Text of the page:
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Research Coins: Feature Auction

CNG 111, Lot: 657. Estimate $2000.
Sold for $3750. This amount does not include the buyer’s fee.

Germanicus. Died AD 19. Æ Dupondius (28mm, 15.26 g, 6h). Rome mint. Struck under Gaius (Caligula), AD 37-41. Germanicus, bareheaded and draped, standing right in chariot, holding eagle-tipped scepter and reins, driving triumphal quadriga right; chariot decorated with figure of Victory advancing right / Germanicus, bareheaded, wearing cuirass and short tunic, standing left, right leg bent at knee and drawn back behind left, cloak over left arm, cradling aquila in left arm and extending right hand in gesture of command. RIC I 57 (Gaius). Near EF, handsome river brown patina.

Ex Leu 38 (13 May 1986), lot 232; Leu 28 (5 May 1981), lot 375.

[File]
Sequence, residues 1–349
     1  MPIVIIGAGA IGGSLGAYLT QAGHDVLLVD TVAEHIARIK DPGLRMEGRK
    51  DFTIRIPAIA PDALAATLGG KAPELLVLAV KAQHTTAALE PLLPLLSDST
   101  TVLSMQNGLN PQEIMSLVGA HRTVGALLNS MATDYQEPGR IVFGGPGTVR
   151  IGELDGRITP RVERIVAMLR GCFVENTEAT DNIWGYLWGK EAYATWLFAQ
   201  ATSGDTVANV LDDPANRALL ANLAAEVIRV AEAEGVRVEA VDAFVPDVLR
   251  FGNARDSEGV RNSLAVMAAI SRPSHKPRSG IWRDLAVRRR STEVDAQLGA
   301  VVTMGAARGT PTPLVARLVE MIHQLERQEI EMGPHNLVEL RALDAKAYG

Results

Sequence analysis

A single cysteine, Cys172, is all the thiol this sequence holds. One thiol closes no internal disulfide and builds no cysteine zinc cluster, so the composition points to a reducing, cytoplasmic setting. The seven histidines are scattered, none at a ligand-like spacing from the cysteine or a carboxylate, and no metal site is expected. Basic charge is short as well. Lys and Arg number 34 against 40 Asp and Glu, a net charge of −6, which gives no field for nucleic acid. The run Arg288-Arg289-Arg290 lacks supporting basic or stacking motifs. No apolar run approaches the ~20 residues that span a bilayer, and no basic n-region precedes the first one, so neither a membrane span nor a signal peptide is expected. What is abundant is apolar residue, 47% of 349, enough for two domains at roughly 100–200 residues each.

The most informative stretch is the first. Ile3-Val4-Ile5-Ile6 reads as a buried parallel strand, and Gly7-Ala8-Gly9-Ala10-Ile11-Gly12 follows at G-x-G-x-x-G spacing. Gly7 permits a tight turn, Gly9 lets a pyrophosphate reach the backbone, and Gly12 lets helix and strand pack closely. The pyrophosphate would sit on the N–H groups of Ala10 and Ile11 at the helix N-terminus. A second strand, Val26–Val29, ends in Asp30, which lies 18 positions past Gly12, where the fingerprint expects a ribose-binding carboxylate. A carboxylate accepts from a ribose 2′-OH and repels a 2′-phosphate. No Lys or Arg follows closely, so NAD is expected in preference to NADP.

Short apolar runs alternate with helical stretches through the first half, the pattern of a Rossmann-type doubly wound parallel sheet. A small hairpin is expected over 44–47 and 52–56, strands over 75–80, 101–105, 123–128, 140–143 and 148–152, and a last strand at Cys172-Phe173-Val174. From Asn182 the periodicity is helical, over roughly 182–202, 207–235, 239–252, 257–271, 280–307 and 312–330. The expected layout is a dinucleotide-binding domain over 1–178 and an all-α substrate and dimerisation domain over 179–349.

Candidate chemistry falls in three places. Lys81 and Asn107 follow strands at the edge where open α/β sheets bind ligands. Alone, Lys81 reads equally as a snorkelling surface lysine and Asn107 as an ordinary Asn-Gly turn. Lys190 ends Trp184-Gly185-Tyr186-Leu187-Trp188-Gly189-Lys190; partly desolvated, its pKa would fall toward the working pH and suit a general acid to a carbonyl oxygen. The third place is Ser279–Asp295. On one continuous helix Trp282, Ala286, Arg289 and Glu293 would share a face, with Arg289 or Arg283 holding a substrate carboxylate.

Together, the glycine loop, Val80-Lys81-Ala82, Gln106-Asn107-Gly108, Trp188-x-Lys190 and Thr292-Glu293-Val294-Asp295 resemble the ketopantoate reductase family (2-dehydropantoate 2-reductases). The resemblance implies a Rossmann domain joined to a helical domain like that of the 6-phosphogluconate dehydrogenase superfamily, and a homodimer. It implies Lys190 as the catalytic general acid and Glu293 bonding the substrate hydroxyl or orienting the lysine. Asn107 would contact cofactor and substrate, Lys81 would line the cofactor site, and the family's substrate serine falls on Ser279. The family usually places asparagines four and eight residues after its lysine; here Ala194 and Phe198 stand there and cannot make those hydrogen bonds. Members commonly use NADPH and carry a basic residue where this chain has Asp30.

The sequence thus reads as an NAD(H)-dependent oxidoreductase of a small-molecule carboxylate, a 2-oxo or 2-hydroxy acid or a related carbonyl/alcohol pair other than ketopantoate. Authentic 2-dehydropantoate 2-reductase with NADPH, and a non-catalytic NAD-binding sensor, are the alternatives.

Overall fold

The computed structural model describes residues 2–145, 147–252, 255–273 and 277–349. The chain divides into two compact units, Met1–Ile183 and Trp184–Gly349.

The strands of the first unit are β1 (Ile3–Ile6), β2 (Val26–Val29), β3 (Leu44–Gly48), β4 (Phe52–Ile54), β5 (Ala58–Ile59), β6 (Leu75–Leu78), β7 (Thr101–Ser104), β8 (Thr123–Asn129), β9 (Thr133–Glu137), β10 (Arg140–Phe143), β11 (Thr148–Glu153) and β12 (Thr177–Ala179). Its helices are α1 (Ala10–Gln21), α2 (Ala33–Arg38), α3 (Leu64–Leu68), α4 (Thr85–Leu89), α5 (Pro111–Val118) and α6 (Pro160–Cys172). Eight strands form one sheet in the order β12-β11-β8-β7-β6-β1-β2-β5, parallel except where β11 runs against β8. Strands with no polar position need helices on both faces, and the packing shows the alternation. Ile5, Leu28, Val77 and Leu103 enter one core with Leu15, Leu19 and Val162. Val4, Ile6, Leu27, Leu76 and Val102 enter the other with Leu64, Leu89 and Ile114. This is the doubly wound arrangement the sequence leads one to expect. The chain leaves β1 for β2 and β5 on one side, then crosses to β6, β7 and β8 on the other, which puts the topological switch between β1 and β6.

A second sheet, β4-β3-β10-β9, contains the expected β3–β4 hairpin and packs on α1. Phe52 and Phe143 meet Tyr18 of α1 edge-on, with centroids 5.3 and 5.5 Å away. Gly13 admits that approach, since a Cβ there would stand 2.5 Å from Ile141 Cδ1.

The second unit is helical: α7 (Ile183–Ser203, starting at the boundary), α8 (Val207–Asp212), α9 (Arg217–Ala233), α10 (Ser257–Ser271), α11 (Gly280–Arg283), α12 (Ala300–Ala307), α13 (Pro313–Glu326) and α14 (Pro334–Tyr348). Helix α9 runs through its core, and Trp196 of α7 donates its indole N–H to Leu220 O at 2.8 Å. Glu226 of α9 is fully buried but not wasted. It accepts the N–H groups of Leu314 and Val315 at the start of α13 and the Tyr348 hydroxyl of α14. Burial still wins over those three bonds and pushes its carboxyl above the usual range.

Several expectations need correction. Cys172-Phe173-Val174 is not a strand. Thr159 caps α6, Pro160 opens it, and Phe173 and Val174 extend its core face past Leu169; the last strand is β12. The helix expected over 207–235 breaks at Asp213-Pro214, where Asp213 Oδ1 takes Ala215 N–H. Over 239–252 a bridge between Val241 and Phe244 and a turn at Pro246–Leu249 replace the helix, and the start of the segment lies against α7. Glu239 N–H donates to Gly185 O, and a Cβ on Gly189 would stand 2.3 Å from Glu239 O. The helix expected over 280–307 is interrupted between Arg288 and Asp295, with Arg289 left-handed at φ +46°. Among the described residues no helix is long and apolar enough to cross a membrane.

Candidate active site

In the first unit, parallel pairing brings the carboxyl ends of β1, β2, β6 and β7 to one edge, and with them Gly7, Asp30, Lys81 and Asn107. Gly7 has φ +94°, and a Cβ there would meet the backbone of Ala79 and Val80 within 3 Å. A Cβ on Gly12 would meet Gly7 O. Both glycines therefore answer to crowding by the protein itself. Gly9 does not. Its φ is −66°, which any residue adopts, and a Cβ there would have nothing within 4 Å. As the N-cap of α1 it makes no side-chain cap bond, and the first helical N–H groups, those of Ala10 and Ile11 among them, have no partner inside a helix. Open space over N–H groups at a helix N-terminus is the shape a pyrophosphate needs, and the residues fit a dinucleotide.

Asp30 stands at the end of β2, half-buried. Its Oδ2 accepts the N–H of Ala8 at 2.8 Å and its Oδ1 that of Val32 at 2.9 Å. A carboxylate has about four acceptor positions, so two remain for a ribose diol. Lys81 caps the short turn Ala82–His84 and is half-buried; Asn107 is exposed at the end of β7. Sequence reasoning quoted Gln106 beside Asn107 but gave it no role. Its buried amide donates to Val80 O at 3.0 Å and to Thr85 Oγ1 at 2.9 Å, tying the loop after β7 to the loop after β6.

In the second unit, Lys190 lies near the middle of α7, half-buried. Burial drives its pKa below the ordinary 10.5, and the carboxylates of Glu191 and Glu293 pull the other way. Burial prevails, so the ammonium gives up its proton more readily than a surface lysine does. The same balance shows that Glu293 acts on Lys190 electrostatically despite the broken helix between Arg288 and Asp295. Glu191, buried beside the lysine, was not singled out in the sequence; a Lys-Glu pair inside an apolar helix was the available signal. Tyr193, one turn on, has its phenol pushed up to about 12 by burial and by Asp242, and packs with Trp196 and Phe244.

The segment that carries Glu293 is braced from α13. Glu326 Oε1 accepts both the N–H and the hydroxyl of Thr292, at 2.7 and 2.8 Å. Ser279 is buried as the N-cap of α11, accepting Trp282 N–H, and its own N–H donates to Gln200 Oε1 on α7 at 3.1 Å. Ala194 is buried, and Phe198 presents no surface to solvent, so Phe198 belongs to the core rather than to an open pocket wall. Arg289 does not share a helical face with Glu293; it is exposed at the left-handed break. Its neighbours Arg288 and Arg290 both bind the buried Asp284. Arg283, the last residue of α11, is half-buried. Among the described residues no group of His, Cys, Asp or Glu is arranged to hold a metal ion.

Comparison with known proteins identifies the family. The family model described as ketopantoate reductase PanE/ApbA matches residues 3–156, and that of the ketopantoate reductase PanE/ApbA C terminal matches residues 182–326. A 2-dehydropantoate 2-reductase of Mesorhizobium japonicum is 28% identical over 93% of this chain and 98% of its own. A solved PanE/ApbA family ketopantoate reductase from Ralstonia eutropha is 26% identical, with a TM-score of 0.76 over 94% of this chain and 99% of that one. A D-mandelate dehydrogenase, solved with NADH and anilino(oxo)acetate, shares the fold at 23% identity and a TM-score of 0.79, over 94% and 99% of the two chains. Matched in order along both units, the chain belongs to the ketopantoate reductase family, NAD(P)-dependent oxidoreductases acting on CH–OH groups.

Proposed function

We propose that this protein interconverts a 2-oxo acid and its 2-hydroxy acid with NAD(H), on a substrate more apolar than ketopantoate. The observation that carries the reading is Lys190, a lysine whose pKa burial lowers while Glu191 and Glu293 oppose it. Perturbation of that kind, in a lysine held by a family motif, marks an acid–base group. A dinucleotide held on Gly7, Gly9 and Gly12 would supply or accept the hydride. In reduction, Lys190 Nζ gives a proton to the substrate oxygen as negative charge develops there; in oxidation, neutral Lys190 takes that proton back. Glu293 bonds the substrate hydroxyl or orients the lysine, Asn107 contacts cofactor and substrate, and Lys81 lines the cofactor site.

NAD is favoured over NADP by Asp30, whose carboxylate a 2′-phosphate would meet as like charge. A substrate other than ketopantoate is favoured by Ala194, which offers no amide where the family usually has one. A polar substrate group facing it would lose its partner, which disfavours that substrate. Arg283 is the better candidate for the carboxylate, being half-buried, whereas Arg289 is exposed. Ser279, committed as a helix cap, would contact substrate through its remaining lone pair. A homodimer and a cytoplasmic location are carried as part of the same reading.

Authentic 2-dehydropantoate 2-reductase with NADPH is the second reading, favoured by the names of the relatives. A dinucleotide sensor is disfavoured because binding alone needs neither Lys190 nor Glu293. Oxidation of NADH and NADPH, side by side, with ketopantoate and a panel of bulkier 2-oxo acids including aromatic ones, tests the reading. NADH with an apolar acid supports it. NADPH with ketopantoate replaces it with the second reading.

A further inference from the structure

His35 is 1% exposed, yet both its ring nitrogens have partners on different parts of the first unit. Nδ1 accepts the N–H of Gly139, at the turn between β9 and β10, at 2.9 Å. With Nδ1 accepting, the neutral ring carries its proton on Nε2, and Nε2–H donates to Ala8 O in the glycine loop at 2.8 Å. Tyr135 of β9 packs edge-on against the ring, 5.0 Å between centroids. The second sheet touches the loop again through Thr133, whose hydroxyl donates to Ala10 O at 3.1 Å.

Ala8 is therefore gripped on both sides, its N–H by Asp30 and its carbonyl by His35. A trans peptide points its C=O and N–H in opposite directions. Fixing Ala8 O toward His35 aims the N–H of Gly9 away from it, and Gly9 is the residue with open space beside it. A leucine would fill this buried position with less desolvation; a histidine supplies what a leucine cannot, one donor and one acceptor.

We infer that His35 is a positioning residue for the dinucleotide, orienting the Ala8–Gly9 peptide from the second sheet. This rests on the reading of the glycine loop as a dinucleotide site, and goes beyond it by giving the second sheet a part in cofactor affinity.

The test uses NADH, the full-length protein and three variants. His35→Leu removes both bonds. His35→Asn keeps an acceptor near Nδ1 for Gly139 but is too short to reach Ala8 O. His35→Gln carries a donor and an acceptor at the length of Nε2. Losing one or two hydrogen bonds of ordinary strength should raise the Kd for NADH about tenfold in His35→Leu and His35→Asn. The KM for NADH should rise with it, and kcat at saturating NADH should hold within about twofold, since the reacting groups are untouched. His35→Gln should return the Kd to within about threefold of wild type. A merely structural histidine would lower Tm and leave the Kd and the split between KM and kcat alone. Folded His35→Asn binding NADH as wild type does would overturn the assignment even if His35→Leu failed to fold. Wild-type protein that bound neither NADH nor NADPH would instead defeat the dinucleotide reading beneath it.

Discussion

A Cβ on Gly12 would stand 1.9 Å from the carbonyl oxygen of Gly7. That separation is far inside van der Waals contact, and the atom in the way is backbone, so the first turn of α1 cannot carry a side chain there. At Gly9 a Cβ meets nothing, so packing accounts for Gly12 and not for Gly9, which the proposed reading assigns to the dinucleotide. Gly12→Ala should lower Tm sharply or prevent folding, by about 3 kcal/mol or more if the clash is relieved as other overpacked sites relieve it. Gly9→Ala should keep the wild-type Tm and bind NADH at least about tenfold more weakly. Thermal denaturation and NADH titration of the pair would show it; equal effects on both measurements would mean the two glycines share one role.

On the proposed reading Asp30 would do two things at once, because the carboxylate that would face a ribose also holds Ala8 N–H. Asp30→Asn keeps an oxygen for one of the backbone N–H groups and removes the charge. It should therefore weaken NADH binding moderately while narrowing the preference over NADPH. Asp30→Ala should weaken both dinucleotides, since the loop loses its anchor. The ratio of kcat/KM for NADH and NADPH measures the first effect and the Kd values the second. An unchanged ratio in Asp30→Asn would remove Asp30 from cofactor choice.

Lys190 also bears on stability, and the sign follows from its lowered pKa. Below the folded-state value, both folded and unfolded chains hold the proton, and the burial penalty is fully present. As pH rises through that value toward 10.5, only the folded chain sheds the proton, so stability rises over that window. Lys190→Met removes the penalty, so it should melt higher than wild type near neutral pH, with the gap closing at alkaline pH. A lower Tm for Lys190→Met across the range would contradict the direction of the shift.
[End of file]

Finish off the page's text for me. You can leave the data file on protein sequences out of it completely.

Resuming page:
The fair-haired young hope of his generation, Germanicus Caesar was the son of the great general Nero Claudius Drusus, famed for “conquering” Germany in the last decade BC, although most of this was undone by the Varian disaster of AD 9. Germanicus was raised in the household of Augustus and proved talented both in political and military endeavors. He won a spectacular triumph in AD 17 for his punitive expeditions into Germany the previous two years, which restored Roman honor. Seemingly destined to become emperor himself, Germanicus died at the age of 34, under mysterious circumstances, while on a diplomatic tour of the Roman East. His marriage to Augustus’s granddaughter Agrippina Senior produced nine children, including the future emperor Gaius ‘Caligula,’ who struck this coin in his father’s honor. Its design recalls the triumphal parade of Germanicus two decades earlier, the reverse inscription proclaiming “standards recovered, Germany defeated.”